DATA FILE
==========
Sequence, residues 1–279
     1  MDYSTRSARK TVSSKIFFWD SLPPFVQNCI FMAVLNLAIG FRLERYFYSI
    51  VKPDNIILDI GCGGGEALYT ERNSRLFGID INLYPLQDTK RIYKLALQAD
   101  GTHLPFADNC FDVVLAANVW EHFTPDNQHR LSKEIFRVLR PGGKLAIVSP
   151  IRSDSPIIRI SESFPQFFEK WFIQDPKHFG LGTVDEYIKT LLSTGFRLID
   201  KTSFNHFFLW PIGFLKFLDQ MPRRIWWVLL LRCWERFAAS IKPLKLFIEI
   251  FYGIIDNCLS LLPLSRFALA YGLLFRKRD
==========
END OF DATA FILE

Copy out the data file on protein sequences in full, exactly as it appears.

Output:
Sequence, residues 1–279
     1  MDYSTRSARK TVSSKIFFWD SLPPFVQNCI FMAVLNLAIG FRLERYFYSI
    51  VKPDNIILDI GCGGGEALYT ERNSRLFGID INLYPLQDTK RIYKLALQAD
   101  GTHLPFADNC FDVVLAANVW EHFTPDNQHR LSKEIFRVLR PGGKLAIVSP
   151  IRSDSPIIRI SESFPQFFEK WFIQDPKHFG LGTVDEYIKT LLSTGFRLID
   201  KTSFNHFFLW PIGFLKFLDQ MPRRIWWVLL LRCWERFAAS IKPLKLFIEI
   251  FYGIIDNCLS LLPLSRFALA YGLLFRKRD